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ENGL3003 Rakes and Libertines

Module Overview

Libertinism is defined by more than sex, but, with its emphasis on the senses and the need to follow one’s natural desires, it’s a good place to start. Drawing on a Hobbesian account of desire as self-interest and nature as a state of war, libertinism’s championing of the senses is also a means of exploring ideas of domination, relativism and individualism. At its most extreme it mounts a moral case for immorality, denotes a scepticism about the power of reason, and rejects Christian humanist ideas of a universal order and man’s place in it. We will be exploring the ways in which writers from Hobbes to Byron engage with the figure of the libertine and will trace changing ideas of sexuality and their relationship with cultural authority and social convention.

Aims and Objectives

Module Aims

• introduce you to a range of writing which addresses the relationship between power, sexuality and cultural through the figure of the rake or libertine • encourage you to interpret the texts studied in relation to their wider contexts, and in particular to the gender politics of the long-eighteenth century

Learning Outcomes

Knowledge and Understanding

Having successfully completed this module, you will be able to demonstrate knowledge and understanding of:

  • libertine literature from the Restoration to the Romantic period
  • the significance of and distinctions between rakes and libertines
  • the literary, philosophical and social contexts in which libertine literature was produced
  • C18th understandings of sexuality and gender politics
Transferable and Generic Skills

Having successfully completed this module you will be able to:

  • carry out your own research on a topic
  • engage with, and develop, ideas presented to you on the spot
  • Demonstrate intellectual independence in your writing
Subject Specific Practical Skills

Having successfully completed this module you will be able to:

  • analyse complex written texts and visual images
  • work directly from primary sources
  • critically evaluate secondary sources
  • analyse texts in terms of their wider (historical, social, political) contexts
Subject Specific Intellectual and Research Skills

Having successfully completed this module you will be able to:

  • explain changing responses and representations of rakes and libertines with reference to historical, political and cultural context
  • make connections between literature of different periods and different genres
  • analyse and comment in detail on poetry, drama, essays, novels and philosophical texts

Syllabus

The module will draw on a range of genres from the philosophy of Hobbes and the drama of Behn and Etherege, to sentimental and gothic novels, and the poetry of Rochester and Byron.

Learning and Teaching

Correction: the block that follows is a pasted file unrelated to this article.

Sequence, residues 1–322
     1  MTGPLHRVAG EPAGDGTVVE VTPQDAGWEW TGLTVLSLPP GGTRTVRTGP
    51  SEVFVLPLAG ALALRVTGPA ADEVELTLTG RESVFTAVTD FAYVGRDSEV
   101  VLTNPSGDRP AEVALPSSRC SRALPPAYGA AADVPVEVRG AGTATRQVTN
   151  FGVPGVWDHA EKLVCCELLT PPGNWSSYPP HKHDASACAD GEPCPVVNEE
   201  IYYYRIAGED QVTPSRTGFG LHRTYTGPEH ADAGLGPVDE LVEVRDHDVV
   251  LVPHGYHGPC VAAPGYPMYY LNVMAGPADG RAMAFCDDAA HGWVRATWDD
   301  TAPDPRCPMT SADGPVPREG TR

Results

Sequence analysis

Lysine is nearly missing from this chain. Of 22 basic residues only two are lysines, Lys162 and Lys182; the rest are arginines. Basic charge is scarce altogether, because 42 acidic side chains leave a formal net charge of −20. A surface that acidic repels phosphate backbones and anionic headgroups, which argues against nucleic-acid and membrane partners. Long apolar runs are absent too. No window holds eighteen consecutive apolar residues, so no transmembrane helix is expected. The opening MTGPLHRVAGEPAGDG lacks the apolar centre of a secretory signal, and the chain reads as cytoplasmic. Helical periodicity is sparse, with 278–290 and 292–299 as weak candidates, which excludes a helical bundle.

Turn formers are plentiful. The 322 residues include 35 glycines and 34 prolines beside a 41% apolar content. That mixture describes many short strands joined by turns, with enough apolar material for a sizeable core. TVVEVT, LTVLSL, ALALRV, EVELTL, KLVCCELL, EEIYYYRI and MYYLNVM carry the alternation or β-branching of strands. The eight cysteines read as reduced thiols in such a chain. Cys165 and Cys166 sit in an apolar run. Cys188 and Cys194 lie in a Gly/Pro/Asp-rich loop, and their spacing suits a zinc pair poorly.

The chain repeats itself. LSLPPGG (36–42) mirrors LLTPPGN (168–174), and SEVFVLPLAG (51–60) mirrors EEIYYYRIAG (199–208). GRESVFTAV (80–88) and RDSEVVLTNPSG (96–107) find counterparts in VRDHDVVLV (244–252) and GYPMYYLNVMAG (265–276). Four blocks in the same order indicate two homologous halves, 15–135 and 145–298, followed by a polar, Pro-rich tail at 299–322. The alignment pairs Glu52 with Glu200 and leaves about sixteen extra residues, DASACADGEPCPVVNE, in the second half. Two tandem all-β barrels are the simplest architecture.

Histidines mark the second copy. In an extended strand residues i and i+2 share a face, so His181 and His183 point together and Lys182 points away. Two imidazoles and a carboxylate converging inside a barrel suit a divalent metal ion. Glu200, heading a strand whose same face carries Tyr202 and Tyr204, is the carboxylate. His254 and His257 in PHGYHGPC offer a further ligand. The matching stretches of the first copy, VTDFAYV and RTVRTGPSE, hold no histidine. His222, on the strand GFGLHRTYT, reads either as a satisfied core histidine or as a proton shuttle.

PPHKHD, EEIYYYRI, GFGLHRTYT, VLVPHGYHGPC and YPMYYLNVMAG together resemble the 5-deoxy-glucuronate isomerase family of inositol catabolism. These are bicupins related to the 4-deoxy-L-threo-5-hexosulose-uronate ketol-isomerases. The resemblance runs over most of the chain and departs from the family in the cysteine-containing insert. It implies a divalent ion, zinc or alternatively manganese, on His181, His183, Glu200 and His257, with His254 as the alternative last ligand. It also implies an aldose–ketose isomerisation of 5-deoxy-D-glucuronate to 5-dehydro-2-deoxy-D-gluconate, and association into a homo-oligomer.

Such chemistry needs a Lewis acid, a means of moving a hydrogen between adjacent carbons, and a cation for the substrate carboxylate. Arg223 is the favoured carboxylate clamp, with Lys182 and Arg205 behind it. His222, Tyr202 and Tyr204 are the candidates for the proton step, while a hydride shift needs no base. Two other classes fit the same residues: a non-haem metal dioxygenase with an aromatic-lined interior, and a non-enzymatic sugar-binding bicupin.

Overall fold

Teaching and learning methods

Teaching methods include • Lectures • Seminars • Office hours for individual feedback on essays Learning activities include • Office hours for individual feedback on essays • Experience of organizing and running a seminar • Individual study and research • Accessing and evaluating online resources

TypeHours
Teaching48
Independent Study252
Total study time300

Resources & Reading list

Ann Radcliffe. The Romance of the Forest, ed. Chloe Chard. 

Mathew Lewis. The Monk. 

Warren Chernaik (1995). Sexual freedom in Restoration Literature. 

George Gordon, Lord Byron. Don Juan. 

Samuel Richardson. Pamela, ed. Keymer. 

For full details.

ed. Scott McMillan. Restoration and Eighteenth-century Comedy (it includes three of the four texts you need for the first two weeks). 

Jane Austen. Pride & Prejudice, ed. Vivien Jones. 

Daniel Defoe. Roxana, ed. Mullan. 

Rochester. Complete Poems and Plays, ed., Paddy Lyons. 

Assessment

Summative

MethodPercentage contribution
Essay  (3000 words) 50%
Timed Assignment  (48 hours) 50%

Referral

MethodPercentage contribution
Essay  (4000 words) 100%

Repeat Information

Repeat type: Internal & External

Costs

Costs associated with this module

Students are responsible for meeting the cost of essential textbooks, and of producing such essays, assignments, laboratory reports and dissertations as are required to fulfil the academic requirements for each programme of study.

In addition to this, students registered for this module typically also have to pay for:

Books and Stationery equipment

Texts are available electronically and in the Hartley, but students may wish to buy their own copies of set texts.

Please also ensure you read the section on additional costs in the University’s Fees, Charges and Expenses Regulations in the University Calendar available at www.calendar.soton.ac.uk.

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